Research Article - Journal of Food Science and Nutrition (2022) Volume 5, Issue 1
Effect of Sudan II adulteration of palm oil on the serum enzyme, bilirubin concentration and renal function biomarkers of albino wistar rats.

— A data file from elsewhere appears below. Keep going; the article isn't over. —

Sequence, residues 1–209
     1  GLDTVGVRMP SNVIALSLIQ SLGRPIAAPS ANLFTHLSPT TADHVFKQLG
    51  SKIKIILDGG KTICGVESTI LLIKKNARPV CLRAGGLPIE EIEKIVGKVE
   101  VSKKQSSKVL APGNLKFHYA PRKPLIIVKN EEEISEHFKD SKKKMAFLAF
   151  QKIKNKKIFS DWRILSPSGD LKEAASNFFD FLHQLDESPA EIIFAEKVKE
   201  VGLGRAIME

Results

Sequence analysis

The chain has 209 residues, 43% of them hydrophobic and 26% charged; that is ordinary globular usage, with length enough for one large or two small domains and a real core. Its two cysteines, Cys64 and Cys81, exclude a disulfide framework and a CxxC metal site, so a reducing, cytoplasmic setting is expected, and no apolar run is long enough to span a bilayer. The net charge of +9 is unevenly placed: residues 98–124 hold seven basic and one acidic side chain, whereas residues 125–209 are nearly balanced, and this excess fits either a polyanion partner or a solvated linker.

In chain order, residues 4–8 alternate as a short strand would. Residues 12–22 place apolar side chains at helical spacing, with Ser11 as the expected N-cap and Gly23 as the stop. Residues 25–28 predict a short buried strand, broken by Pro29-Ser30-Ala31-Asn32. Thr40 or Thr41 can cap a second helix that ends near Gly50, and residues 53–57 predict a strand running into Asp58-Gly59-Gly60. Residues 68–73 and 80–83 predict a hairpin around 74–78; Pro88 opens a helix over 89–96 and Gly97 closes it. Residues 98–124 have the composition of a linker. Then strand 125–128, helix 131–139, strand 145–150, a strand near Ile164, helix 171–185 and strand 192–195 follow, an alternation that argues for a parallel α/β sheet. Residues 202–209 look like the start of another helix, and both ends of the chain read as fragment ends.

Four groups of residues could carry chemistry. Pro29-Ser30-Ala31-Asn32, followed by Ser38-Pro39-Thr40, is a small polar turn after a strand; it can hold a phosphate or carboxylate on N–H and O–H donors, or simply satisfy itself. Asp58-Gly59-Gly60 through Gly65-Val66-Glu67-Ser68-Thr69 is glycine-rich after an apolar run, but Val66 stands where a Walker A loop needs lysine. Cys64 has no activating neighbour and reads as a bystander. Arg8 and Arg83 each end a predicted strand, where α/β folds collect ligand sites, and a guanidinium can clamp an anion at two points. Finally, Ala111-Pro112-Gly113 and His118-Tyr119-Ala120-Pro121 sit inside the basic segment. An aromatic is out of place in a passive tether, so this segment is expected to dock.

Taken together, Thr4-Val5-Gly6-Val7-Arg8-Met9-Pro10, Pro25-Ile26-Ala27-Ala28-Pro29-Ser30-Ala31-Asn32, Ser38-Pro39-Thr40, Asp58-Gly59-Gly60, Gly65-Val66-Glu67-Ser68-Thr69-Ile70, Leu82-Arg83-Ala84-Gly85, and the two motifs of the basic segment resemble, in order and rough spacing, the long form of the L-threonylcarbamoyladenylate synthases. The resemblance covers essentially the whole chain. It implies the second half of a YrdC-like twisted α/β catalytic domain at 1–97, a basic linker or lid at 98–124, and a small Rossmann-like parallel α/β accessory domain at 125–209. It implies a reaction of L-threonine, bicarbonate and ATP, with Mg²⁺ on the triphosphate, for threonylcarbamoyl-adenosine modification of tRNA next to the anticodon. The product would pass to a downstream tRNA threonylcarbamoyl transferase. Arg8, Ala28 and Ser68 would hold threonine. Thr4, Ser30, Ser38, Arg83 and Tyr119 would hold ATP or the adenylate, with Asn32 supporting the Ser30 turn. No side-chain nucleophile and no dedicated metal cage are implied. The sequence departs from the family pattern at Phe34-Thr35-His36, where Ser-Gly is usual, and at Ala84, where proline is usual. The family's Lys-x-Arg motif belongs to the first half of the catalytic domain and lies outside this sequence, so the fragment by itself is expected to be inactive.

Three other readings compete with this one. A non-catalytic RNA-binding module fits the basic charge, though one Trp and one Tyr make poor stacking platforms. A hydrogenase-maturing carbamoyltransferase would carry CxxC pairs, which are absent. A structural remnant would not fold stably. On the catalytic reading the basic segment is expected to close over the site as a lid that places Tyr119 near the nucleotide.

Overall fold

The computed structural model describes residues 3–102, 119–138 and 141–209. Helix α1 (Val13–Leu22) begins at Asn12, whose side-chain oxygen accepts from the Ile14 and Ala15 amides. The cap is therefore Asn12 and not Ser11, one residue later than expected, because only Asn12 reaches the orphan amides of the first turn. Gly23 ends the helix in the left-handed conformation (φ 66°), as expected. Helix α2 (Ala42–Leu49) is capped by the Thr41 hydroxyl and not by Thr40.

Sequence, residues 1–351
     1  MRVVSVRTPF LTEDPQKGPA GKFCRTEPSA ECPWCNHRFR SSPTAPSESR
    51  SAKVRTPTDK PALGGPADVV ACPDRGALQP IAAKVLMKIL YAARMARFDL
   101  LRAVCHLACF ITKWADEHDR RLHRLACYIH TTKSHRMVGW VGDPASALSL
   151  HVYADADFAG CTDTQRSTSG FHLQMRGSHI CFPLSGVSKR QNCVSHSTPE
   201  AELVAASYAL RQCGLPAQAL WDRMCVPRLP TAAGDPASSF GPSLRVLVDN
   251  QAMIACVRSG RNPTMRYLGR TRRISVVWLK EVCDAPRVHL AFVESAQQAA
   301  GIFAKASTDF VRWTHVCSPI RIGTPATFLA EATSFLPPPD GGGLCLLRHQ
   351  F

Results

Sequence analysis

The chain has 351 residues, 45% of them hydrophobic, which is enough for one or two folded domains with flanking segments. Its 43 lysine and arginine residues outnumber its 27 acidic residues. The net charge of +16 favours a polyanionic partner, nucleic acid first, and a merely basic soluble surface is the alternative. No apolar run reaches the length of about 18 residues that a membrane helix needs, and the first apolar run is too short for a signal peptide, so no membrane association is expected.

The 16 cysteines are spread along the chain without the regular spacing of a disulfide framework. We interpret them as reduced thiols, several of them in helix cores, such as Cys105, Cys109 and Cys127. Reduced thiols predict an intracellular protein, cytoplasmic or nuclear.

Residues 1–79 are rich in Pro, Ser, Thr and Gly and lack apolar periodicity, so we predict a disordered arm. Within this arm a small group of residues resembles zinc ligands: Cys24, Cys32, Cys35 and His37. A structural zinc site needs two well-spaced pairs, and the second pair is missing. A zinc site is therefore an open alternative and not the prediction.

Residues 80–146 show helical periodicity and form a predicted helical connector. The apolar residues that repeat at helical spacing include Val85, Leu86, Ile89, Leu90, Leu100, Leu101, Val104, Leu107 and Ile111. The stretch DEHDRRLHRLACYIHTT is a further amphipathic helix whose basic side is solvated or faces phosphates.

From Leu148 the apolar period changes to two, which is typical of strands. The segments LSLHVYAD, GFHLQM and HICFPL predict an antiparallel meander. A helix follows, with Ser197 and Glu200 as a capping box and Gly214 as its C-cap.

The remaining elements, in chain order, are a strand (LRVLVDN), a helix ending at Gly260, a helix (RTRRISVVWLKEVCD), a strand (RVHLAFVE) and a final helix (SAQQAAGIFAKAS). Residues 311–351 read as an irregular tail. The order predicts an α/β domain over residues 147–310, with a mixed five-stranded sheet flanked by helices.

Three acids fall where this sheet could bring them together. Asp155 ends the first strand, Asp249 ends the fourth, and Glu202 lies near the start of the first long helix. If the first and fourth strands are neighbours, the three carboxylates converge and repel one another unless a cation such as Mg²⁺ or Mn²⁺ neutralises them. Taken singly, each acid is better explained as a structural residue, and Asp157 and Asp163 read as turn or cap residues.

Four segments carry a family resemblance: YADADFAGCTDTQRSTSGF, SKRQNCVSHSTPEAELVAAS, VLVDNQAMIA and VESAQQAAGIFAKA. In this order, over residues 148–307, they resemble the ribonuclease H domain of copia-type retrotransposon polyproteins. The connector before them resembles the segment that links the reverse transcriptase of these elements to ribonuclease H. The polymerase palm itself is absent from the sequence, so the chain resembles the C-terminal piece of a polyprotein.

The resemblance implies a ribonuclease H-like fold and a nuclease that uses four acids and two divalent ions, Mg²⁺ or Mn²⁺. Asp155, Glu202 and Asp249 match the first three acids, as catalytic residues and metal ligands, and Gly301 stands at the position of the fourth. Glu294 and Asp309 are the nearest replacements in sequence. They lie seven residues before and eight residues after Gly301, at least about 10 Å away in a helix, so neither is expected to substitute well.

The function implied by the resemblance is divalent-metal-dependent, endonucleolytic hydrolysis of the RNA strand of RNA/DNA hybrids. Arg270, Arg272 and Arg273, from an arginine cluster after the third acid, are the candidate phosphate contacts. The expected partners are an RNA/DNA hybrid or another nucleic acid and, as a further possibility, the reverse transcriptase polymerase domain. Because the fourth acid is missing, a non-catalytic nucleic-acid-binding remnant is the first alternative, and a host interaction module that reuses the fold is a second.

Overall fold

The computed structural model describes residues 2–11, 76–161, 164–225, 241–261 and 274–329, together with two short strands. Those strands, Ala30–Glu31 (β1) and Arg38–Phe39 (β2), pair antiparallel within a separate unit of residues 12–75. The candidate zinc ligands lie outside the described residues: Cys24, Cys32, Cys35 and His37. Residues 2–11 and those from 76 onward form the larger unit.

Aim: This study investigated the impact of Sudan II adulteration of palm oil on serum enzymes (ALT, AST, ALP), bilirubin and renal function biomarkers (creatinine, urea) of albino wistar rats. Methods: A total of sixty (60) 750 mL bottles of red palm oil were purchased from random markets in Nigeria. Sixty (60) male albino rats weighing 150-180 g were divided into 5 groups of 12 rats each. Group 1 served as normal control. Groups 2 to 5 were fed 90% rat chow supplemented with 10% red palm oil. The Sudan II dyes were co-administered with the red palm oil with the diet (rat chow) to provide levels of 0.025% (PO/0.025) (group 3), 0.03% (PO/0.03) (group 4) and 0.04% (PO/0.04) (group 5) for a period of 30 days (short term) and 90 days (long term). Animals were sacrificed and blood was collected via cardiac puncture for biochemical analysis. Calorimetric methods were used to determine the bilirubin, urea and creatinine concentrations while standard methods were used for the kinetic determination of ALT, AST, ALP. Data analysis was carried out with SPSS using one-way analysis of variance (ANOVA). Key findings: Result showed that the serum enzymes activities and functional biomarkers increased significantly (P<0.05) in both short-term and long-term feeding conditions. Intentional addition of Sudan II dye to palm oil had adverse effects. Significance: The significant increase of the parameters in this study is indicative of an adverse effect of the dye on health and therefore a major public health concern. It is pertinent to create awareness and the need for enforcement of regulatory acts and food safety procedures.Author(s): Aniekan S Henshaw*, Ima-obong Williams , Henry E. Peters , Christine A. Ikpeme